Criteo once again proved it is ad tech’s star performer on Wednesday, reporting fourth-quarter earnings that beat on both the top and bottom line.
The company posted a 33% lift in revenue ex-TAC (traffic acquisition costs) to $US213 million in the three months to December 31, beating analysts’ expectations of $US210 million. EPS (earnings per share) came in at $US0.84, ahead of the analyst estimate of $US0.68.
Criteo’s only blip was its guidance for first quarter revenue (ex-TAC), which it estimates to be between $US200 million and $US205 million, with $US213 million expected by analysts.
However, Criteo CEO Eric Eichmann told Business Insider on Wednesday that analysts’ modelling did not account for an $US8 million foreign exchange headwind — if that didn’t exist, Criteo would be forecasting at the range expected by analysts. He added that Criteo also faces unfavorable comparisons with last year: Easter — a key period for its travel clients — takes place in Q2 this year rather than Q1, and Q1 this year has one extra day.
Nevertheless, Criteo — which works with retailers and other businesses to target ads at users who are most likely to be in the market for buying products — is predicting big things for its business in 2017: projecting full year revenue growth of between 27% and 31%.
We asked Eichmann to share his predictions for 2017 beyond Criteo to the entire ad tech market. Here’s what he thinks the big themes will be:
Header bidding will continue to rise — putting strain on traditional ad exchanges
Header bidding — a piece of code publishers can deploy to their websites to yield more revenue from the ads on their sites by offering their inventory out to multiple ad exchanges before the site makes a call to the ad server (usually Google DoubleClick, which usually got a first look at all the bids in the auction) — has become the breakaway ad tech trend of the past 18 months.
Eichmann says it shows no sign of letting up. That presents a problem for ad exchanges because it makes each individual exchange “less relevant” than before, according to Eichmann. But for Criteo, header bidding is great because it offers the company more access to inventory — and more access gives the company a better chance of making intelligent forecasting bets.
Criteo also has its header bidding solution live with 10 publishers at the moment. If all goes well, Eichmann said it will deploy the service more widely in the second quarter of this year.
Header bidding is most advanced in the US at the moment, but Eichmann predicts Europe and the APAC region will catch up as the year progresses.
Eichmann said: “I think buyers are smarter now than they were. They were caught off-guard buying second-price environments and now they are buying first-price and adjusting their bids. But whatever premium publishers got when they first implemented header bidding is not as significant now. But for publishers it is in their interest to provide certain players a first look.”
Linking online ads to offline sales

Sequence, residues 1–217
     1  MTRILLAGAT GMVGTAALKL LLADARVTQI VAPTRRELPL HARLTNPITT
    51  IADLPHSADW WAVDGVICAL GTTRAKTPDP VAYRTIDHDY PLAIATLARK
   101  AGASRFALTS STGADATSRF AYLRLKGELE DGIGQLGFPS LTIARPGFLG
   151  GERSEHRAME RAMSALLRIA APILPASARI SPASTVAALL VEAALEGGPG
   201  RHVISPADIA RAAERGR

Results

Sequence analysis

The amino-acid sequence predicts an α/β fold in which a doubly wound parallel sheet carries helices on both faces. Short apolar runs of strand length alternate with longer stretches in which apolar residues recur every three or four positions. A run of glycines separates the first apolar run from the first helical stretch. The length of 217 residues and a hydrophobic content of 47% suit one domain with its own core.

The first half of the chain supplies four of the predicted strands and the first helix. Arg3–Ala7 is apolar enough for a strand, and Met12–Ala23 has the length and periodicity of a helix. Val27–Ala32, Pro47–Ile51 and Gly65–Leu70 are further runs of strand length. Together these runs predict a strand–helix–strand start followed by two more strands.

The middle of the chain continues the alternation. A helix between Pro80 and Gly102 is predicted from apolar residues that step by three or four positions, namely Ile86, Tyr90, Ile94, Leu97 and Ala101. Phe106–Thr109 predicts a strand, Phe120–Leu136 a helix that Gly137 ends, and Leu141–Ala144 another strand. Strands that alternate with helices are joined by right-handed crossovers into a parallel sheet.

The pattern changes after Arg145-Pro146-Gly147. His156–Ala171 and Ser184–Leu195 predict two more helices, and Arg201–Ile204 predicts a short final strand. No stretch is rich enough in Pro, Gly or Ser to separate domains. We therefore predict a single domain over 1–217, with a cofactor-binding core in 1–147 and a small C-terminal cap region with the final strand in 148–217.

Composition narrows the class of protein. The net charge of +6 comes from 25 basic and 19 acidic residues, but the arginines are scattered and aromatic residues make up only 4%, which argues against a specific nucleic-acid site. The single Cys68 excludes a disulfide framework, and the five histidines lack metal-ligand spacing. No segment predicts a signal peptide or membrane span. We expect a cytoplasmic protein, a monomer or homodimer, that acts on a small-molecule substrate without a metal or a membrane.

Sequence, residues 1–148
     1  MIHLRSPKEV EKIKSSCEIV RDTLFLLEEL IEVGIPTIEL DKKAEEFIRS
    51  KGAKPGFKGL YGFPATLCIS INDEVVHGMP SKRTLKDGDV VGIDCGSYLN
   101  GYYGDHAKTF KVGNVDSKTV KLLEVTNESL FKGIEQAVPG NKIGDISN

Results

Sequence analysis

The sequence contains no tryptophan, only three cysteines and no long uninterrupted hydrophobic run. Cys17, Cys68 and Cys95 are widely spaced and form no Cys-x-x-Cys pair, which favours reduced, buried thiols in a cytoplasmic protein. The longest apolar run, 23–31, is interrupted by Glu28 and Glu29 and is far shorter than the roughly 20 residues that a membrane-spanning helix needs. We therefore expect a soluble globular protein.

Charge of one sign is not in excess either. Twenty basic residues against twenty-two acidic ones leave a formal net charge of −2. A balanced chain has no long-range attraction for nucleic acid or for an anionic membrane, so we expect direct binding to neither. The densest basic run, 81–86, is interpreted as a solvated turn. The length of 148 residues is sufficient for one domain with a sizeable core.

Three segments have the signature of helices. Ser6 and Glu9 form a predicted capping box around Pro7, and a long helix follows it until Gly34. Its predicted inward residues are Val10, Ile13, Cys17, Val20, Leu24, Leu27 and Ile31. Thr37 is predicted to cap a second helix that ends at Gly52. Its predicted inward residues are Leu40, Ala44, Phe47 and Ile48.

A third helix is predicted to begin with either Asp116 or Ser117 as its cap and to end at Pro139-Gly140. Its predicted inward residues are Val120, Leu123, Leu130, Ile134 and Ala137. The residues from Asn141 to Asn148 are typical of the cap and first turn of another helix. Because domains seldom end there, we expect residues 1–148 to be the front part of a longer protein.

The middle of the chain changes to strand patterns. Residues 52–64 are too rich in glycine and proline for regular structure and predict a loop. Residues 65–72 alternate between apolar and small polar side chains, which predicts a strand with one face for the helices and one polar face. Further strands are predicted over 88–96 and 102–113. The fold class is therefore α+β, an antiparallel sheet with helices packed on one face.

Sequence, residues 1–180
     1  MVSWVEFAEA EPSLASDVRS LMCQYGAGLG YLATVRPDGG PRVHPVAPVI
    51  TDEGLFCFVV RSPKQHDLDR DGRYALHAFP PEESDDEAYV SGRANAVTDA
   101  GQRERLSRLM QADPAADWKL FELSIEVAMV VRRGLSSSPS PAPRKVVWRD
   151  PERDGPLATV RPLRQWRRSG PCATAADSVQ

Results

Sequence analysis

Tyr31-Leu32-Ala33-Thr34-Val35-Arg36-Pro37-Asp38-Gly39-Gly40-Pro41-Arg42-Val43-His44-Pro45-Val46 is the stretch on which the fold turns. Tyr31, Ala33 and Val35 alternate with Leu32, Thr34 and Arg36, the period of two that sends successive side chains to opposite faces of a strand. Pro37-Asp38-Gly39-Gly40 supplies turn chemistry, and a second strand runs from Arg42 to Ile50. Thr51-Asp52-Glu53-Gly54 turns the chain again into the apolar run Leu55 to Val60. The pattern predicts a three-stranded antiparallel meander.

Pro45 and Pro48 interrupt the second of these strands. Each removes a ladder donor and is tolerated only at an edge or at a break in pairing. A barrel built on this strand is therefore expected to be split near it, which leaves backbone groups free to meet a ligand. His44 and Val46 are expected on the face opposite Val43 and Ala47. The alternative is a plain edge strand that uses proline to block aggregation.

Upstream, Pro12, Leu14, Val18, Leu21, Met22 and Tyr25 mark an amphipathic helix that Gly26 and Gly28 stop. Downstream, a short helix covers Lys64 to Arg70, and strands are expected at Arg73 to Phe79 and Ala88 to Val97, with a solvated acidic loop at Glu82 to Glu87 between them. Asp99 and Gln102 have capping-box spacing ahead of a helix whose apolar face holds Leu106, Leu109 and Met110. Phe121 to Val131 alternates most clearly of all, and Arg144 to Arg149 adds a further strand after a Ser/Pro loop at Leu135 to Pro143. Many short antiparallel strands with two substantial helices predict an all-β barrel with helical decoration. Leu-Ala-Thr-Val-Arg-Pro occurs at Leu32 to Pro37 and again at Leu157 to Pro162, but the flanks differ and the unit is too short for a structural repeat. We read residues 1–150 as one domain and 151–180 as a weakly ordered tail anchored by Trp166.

Criteo has made its business on proving people that saw the online ads it served clicked through to buy the product in a brand’s online store.
Eichmann believes companies’ CRM (customer relationship management) systems are the best way make the connection between an online ad and a sale in a bricks and mortar store and he predicts announcements around CRM-matching will become more prevalent this year.
He said: “We have been talking a lot over the last three years about the ubiquity of mobile devices and what that does to our ability to serve ads or deliver services in the offline world. I think it continues to to be the case as activities online become more digitised. The new variable is the idea of using the CRM database as the key mechanism to drive that and get real-time reporting.”
Criteo has its own system to do this but other platforms like Google and Facebook also offer this kinds of service — offering the ability to connect online ads with offline sales via their own technology and through partnerships with data companies.
Again, Eichmann explained, scale is an advantage when it comes to this type of service: the more data ad tech companies have about users as they switch from device to device, the more they can prove their ads actually led to people buying products.
He added: “A lot of people [in the marketing and advertising industry] talk about zero-based budgeting. But zero-based budgeting really is all just about how you can justify spending on something. If you have performance metrics, you can justify it. The pressure on campaigns will continue to increase, which puts us at a really important [vantage point].”
Criteo Q4 2016 earnings, the key numbers:
Revenue ex-TAC: $US213 million, up 33%
Net income: $US41 million, up 5%
Adjusted net income per diluted share: $US0.84, up 16%
Adjusted EBITDA: $US83 million, up 55%
Operating expenses: $US131 million, up 33%
Cash flow from operating activities: $US77 million, up 15%
Free cash flow: $US55 million, up 15%
Total cash and cash equivalents: $US270 million
Total clients: 14,468, up 42%
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